Jan 11, 2022

Intersectional Research Methodologies: Towards a Sustainable Post COVID 19 Future

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The COVID-19 pandemic has affected over 219 million people across the globe and resulted in over 4.55 million deaths. It has also contributed to higher rates of social inequities, including gender-based violence and income inequities. Pre-existing social inequities have impeded recovery from the pandemic. In response to the significant impact of inequities, policy makers are increasingly requiring researchers to draw on intersectional methodologies to address health and social inequities.

Intersectionality is a theoretical perspective regarding the influence of diverse social locations—race, ethnicity, gender, class, socioeconomic status, etc.—on a particular phenomenon. Intersectionality theory was introduced by Crenshaw (1989) to challenge the idea that race and gender are mutually exclusive categories. It conceives diverse social locations as fluid and interdependent. With an intersectionality perspective being increasingly used in research and with funding agencies now encouraging the use of intersectional theory and/or gender-based analysis plus, authors have begun to argue about its methodological weaknesses. One central weakness is its ambiguity. Misra et al (2020) addressed this weakness by highlighting key methodological tenets of intersectional methodology including oppression, rationality, complexity, context, comparison, and deconstruction. Despite these, there is a lack of understanding on intersectional methodology.

We plan to tackle this issue by examining how researchers (in both the health and social sciences) have used intersectionality in their work as it relates to the COVID-19 pandemic. Our ultimate goal is to strengthen approaches to intersectional methods and provide a clearer path towards the use of intersectional methods in social and health research, policy, and practice. We also hope to inform national and international policies based on the results of recent studies that have used intersectional methodologies during COVID 19 pandemic.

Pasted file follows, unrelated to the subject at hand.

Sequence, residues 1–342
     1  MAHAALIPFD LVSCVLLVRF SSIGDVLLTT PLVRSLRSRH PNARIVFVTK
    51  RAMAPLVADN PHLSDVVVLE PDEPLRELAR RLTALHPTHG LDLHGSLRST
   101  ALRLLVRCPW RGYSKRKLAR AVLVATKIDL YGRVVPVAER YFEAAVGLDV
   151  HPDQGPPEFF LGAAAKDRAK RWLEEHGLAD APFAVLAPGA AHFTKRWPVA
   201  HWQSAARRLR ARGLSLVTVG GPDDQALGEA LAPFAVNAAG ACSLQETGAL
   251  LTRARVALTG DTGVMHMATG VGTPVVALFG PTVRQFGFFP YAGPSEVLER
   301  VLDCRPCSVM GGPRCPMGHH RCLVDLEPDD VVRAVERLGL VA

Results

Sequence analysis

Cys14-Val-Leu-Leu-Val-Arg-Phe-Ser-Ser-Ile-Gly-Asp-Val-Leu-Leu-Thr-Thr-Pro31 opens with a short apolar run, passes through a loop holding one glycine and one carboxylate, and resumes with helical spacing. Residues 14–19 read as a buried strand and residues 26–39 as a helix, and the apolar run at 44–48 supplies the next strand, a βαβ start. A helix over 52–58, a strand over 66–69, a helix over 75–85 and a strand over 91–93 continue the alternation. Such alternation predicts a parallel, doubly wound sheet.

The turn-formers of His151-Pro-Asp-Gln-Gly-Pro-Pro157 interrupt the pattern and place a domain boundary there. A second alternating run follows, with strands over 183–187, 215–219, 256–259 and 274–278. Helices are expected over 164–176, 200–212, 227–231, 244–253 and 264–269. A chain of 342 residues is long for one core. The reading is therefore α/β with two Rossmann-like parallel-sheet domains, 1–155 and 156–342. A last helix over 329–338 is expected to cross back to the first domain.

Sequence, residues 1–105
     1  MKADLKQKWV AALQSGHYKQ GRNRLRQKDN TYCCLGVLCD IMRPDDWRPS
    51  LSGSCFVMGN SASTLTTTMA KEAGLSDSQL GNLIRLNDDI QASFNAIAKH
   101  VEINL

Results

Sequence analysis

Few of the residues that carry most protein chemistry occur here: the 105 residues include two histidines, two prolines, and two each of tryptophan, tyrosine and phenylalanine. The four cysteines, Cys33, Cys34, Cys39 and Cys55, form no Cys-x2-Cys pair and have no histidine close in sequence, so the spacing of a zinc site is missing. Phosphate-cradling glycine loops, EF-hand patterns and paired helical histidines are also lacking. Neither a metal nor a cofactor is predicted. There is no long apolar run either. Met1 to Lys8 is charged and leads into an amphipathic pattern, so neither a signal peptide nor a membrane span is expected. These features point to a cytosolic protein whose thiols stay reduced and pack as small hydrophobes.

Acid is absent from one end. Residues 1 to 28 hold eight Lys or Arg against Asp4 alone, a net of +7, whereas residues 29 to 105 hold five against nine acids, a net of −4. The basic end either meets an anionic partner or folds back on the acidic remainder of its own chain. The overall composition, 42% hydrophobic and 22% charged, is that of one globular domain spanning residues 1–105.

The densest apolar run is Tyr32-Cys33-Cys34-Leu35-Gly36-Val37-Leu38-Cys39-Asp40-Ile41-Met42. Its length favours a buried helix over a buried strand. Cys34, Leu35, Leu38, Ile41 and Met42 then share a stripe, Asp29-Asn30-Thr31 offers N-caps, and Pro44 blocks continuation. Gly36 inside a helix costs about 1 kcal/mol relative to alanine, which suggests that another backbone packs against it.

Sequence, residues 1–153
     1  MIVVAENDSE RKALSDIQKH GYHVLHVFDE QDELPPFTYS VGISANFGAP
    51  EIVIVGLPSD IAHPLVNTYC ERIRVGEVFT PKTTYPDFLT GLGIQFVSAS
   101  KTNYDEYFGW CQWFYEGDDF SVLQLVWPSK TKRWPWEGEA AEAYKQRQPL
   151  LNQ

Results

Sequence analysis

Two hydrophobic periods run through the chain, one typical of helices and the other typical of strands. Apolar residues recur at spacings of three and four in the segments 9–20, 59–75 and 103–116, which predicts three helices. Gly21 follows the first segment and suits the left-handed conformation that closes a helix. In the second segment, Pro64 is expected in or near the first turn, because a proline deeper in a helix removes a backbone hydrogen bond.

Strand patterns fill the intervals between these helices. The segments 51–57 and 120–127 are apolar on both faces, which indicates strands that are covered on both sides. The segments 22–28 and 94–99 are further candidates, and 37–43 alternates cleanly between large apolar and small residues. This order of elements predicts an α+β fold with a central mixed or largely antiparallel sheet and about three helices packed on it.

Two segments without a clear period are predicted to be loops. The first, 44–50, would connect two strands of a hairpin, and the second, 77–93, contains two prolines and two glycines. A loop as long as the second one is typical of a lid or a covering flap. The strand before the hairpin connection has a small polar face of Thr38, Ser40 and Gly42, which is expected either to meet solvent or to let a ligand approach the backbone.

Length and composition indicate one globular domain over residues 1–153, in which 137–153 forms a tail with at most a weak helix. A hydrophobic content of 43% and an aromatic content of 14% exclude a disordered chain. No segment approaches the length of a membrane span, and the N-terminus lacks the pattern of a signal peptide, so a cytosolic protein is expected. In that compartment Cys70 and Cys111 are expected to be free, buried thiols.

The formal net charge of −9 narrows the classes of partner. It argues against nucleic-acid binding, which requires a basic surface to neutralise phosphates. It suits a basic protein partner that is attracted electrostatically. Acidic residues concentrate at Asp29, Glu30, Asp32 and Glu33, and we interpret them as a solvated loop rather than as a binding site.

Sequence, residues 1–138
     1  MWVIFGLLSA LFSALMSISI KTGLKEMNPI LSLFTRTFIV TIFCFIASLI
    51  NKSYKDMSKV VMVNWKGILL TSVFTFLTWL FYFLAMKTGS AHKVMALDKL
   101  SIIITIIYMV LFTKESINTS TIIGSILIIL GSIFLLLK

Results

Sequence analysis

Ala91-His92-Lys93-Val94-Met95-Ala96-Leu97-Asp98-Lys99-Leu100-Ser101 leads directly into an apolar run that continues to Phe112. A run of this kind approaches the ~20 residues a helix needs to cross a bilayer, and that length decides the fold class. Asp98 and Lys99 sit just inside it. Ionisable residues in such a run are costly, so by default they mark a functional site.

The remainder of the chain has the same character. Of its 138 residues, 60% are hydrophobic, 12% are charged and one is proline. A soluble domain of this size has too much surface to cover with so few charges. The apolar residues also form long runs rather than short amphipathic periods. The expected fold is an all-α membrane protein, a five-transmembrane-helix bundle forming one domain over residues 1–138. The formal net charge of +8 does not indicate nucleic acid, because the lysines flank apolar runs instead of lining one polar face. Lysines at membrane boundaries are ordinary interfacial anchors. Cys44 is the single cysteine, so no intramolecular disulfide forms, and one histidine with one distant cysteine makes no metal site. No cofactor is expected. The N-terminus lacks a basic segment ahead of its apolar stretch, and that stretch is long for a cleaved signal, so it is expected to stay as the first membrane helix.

This project is comprised of three activities: (1) a scoping review of the literature on studies focusing on the COVID 19 pandemic that have used intersectionality in health and/or social science research and the results of these studies; 2) two workshops with key stakeholders, including policy makers; and 3) a webinar for graduate students on intersectionality.

Summary of expected outcomes:

Our proposed project will examine the scope of the literature on intersectional research methodologies in the context of research on the COVID-19 pandemic, including strengths and weaknesses, from an interdisciplinary perspective. Our ultimate aim is to contribute to the development of intersectional methodologies that can provide useful and consistent insights into tackling health and social inequities arising from the COVID-19 pandemic. We will also inform policy on strategies to tackle the COVID 19 pandemic among diverse populations.

Who's involved

Dr. Bukola Salami, University of Alberta

Dr. Shirley Anne Tate, University of Alberta

Dr. Natasha Hurley, University of Alberta

Dr. Denise Spitzer, University of Alberta

Prof. Linda C Reif, University of Alberta

Dr. Carla Hilario, University of Alberta

Dr. Salima Meherali, University of Alberta

Ms. Carolyn Carpan, University of Alberta

Ms. Thane Chambers, University of Alberta

Dr. Maud M Perrier, University of Bristol

Dr. Tseng Hsun Hui, National Cheng Kung University

Dr. Eléonore Lépinard, University of Lausanne

Dr. Tim Huijts, Maastricht University

Dr. Joya Misra, University of Massachusetts Amherst

Dr. Daniel Holman, The University of Sheffield

Dr. Valentina Cardo, University of Southampton

Dr. Hannah Roche, University of York

Dr. Encarnación Gutiérrez Rodríguez, Justus-Liebig-Universität

Dr. Glenda Bonifacio, University of Lethbridge

Dr. Jacqueline Gahagan, Mount Saint Vincent University

Prof. Reiko Ogawa, Chiba University